Design Professors’ Museum Commission Melds Play, Art and Learning

plink

Glenda Drew and Jiayi Young

July 2017 - Two UC Davis design professors have been busy transforming galleries at Sacramento’s Crocker Art Museum into a combination art installation and playground that stimulates learning called “PL!NK.”

The installation is made up of 100 colorful and mirrored tetrahedron clusters, with embedded cameras, lights and recording devices for real time interactivity. It encourages early childhood development through color and pattern; solitary, parallel and cooperative play; and spatial learning.

The work that sprawls across the floor and climbs the walls is the creation of professors Glenda Drew and Jiayi Young.

“Our intent is to essentially soak children in a beautiful experience of light, color and shapes, and as they engage, we give them an opportunity to share their experience with others,” Drew said. “PL!NK” will be at the museum July 23 through late fall.

Lights, reflections, sound, feedback

The panels that make up the tetrahedrons are six colors with three different mirrored surfaces. Integrated into the work are cameras that stream manipulated video of visitors for live viewing within the space, a live audio feedback element, and a station where children can record stories that are played back in the environment. Stories can also be submitted for playback within the space. There’s also an area where children can build structures using miniature interlocking triangles.

“The audience can see themselves as active participants and have play be amplified into art and something much bigger,” Drew said.

plink

Jiayi Young installing

Turning Tweets Into Art

In the year leading up to the 2016 election, assistant professor of design Jiayi Young began collecting Twitter data that she turned in to an artwork she describes as “social media as cyborg.” "Presently Untitled” was made of IV bags filled with a glowing green solution, lights and speakers that respond to tweets and retweets until the system goes into a “seizure” and shuts down.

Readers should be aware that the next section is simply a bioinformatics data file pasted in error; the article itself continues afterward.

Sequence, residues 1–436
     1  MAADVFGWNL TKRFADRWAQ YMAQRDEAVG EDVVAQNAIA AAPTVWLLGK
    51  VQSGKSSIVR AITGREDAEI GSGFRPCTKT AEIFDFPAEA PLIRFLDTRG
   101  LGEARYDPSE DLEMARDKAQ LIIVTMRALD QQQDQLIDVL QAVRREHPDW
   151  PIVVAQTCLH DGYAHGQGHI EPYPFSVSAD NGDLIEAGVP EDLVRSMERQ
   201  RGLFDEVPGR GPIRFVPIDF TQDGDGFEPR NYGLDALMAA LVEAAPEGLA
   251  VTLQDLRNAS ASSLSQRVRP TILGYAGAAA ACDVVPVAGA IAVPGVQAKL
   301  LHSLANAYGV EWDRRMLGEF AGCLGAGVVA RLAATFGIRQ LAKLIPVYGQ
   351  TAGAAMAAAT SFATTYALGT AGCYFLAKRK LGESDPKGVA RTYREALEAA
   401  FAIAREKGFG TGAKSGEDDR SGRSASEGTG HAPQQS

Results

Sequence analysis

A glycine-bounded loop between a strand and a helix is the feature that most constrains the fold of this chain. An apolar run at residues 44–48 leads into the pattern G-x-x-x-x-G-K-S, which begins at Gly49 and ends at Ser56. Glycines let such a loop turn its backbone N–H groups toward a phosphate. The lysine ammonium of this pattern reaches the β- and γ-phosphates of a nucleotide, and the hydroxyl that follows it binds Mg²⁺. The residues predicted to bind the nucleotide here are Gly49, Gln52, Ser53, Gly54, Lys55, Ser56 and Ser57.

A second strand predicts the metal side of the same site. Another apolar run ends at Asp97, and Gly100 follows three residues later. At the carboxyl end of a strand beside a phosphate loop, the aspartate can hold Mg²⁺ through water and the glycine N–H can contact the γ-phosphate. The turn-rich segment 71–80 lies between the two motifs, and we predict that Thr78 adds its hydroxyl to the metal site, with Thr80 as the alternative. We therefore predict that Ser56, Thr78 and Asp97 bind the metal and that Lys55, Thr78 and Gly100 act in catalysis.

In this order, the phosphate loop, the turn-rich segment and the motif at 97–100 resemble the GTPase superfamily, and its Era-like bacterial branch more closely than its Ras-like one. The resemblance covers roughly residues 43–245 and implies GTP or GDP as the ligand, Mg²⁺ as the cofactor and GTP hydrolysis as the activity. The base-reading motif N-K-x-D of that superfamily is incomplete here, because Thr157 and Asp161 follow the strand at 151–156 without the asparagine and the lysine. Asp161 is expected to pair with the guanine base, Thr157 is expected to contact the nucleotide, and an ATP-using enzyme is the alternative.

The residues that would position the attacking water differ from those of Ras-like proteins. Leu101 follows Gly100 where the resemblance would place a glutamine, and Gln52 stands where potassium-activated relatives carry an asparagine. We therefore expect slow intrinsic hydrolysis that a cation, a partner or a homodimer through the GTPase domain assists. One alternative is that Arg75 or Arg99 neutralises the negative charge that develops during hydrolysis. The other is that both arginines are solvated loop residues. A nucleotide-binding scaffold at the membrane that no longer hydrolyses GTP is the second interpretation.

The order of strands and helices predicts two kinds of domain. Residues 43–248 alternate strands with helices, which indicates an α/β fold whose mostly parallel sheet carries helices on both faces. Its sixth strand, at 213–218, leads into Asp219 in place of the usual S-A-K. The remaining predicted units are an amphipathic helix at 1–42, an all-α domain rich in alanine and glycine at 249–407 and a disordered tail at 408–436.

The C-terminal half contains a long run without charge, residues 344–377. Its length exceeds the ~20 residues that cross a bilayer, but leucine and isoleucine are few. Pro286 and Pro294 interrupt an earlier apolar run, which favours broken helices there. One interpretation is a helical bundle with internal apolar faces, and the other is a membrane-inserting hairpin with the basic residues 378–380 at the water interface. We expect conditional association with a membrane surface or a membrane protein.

“It also challenges the notion of art by inviting a conversation about what it means to make art for young children, the meaning of user-generated content, art and prestige and the museum beyond walls,” Young added. Both professors have children and brought that experience to the project.

“We felt we had a good understanding of children that age,” Young said. In fact, Young’s daughter Sophie, 12, came up with the title as an expression of the sounds of an “exploded kaleidoscope.”

Balancing many elements, functions

“The museum was really asking us to make something that is a balance of design, artwork and playground, so it is a bit tricky,” Young said. “It went well beyond what I originally imagined it would be.”

They plan to install “PL!NK” at other venues.

Young and Drew, along with their students Darin E. Reyes and Michelle Lee, responded to the call for proposals from the Crocker Museum last summer while at the International Symposium on Electronic Art in Hong Kong.

Reyes and Lee, who have graduated, received a separate commission. Their work, “Gato,” includes a 20-foot stuffed cat with and motion-reactive projected visuals and music. It is at the museum until Oct 29.

- Jeffrey Day is a content strategist for the College of Letters and Science. jaaday@ucdavis.edu